[BioRuby] SciRuby (The first BioRuby IRC conference on Dec 19th)

Raoul Bonnal bonnalraoul at ingm.it
Thu Dec 16 00:29:44 UTC 2010

+1 for me.
Did you take a look at http://ruby-statsample.rubyforge.org/ ? and there is also an optimized version.

John, in the web era a way to easily publish plots on the web not just as static images would be great.

Probably I could not attend the first meeting, work trip. Btw if someone is around these day I'll try to be in the channel.

Il giorno 16/dic/2010, alle ore 00.02, John Woods ha scritto:

> Hi everyone,
> I wanted to put in my two cents about this (not this specific email, but the
> thread).
> I come from a CS background, and so when I began working in bioinformatics,
> I shifted from C++ to Python, Perl, back to Python, and finally to Ruby (and
> Rails!).
> Working in a bioinformatics lab, my experience has been that most people go
> with Python over Ruby because of SciPy and NumPy (and matplotlib). At least
> for us, it's not because of speed at all. If I need something speedy, I code
> it in C++ and use Rice to build a Ruby adapter.
> Anyway, a couple of us (me, John Prince, Ara Howard, a few others) have been
> brainstorming a bit. We think the #1 thing Ruby is missing is SciRuby (and
> with it, good numerical support).
> To that end, we've been working a bit to put together a spec for how a
> SciRuby with plotting and numeric capabilities would work.
> I'm not quite ready to say anything specific about it publicly just yet, but
> if you're interested in being involved, please write me back.
> Best,
> John O. Woods
> NSF Fellow
> The University of Texas at Austin
> On Mon, Dec 13, 2010 at 3:48 PM, Chris Fields <cjfields at illinois.edu> wrote:
>> On Dec 13, 2010, at 12:16 PM, Pjotr Prins wrote:
>>> On Mon, Dec 13, 2010 at 06:57:39PM +0100, Raoul Bonnal wrote:
>>>>> Part of how we try to handle big data files in Biopython is using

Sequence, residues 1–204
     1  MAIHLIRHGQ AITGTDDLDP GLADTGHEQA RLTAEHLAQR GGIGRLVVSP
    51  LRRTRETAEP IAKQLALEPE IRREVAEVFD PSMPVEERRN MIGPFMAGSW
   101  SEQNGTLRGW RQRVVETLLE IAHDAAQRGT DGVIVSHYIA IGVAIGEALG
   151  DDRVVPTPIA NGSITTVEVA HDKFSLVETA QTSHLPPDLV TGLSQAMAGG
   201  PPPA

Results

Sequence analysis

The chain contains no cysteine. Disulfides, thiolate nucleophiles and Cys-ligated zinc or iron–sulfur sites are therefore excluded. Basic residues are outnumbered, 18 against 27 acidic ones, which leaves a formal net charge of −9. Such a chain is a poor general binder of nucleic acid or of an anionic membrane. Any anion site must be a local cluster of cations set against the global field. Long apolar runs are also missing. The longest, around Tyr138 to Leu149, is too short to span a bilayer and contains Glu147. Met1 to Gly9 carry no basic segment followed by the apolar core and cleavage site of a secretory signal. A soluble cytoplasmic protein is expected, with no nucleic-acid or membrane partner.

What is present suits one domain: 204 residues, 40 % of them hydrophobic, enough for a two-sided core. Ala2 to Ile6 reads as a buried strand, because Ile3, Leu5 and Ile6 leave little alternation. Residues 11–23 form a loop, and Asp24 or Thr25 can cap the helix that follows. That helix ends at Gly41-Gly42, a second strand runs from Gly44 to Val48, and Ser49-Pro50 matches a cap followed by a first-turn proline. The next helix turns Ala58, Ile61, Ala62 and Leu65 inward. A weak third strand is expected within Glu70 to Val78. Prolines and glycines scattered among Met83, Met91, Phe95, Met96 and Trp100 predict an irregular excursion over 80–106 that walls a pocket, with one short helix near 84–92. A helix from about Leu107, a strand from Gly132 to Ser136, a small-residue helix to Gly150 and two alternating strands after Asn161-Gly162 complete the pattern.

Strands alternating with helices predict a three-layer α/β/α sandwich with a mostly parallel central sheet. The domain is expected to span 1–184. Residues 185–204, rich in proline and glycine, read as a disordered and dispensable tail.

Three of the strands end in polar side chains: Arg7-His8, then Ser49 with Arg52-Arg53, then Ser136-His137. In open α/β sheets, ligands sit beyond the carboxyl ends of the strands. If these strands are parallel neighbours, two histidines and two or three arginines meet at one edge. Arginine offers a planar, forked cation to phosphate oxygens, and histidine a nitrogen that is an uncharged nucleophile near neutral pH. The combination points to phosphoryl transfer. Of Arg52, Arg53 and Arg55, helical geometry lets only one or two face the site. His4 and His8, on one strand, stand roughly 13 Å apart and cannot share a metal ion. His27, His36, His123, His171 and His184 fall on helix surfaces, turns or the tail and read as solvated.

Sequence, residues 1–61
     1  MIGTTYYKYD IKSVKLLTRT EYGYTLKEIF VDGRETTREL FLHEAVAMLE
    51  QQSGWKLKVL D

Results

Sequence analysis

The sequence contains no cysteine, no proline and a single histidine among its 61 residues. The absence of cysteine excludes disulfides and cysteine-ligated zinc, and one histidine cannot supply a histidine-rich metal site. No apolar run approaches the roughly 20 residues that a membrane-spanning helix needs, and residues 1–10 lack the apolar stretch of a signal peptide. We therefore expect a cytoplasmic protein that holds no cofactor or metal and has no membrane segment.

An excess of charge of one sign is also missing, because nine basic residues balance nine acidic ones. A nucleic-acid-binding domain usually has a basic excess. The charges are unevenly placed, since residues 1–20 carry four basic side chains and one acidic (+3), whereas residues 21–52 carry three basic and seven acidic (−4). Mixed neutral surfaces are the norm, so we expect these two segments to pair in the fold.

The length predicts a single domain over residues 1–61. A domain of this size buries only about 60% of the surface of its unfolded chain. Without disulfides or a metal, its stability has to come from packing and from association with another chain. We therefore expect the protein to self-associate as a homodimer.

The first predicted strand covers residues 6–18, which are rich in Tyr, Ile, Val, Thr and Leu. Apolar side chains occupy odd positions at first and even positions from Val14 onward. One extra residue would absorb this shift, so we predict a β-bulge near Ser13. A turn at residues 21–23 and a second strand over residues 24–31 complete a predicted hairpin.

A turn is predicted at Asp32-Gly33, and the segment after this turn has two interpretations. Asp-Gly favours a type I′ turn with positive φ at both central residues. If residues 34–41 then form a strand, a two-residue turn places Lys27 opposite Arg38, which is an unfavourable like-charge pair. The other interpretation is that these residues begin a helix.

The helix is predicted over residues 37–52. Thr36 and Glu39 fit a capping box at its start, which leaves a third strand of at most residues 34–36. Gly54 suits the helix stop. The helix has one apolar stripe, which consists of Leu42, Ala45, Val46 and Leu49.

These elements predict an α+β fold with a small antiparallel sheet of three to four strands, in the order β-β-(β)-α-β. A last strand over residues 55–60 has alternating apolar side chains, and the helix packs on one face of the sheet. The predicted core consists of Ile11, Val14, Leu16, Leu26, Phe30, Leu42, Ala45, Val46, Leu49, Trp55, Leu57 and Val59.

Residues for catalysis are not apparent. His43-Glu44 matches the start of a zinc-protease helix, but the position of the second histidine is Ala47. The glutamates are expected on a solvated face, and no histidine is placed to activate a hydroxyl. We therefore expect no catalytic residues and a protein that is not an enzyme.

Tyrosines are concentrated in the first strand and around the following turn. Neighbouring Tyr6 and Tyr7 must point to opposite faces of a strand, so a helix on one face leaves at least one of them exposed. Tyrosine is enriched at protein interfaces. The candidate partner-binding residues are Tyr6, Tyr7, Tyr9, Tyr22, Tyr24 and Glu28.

>>>>> Python iterators, whereby the file is loaded record by record (how
>>>>> depends on the file format - for BLAST we do this query by query),
>>>>> not all into memory in one go. I think BioPerl does something very
>>>>> similar in their parsers, I'm not so familiar with BioJava.
>>> BioJava uses a visitor pattern. In effect an iterator.
>>> With all current implementations IO runs, then code, the IO, etc.
>>> While we are IO constrained, we are actually doing worse.
>>> What I want is an IO thread going at maximum throughput. Every item
>>> should get parcelled out for further parsing and processing, in
>>> parallel to the IO thread.
>>> We should do better, and make it a generalization. I think we can do
>>> it by using Scala and the standard BioJava iterators. With Scala it
>>> can be turned in a parallelized iterator. That is a fun project.
>>>> From my point of view Python guys are doing a very good job on all
>> fields.
>>>> Unfortunately I'm in love with ruby :-)
>>> All you need is love :)
>>> Pj.
>> At some point the choice of a language will not matter as much, as long as
>> it is implemented in a VM (something Perl 5 cannot claim at the moment, but
>> Perl 6 does with the Parrot VM).
>> chris
>> _______________________________________________
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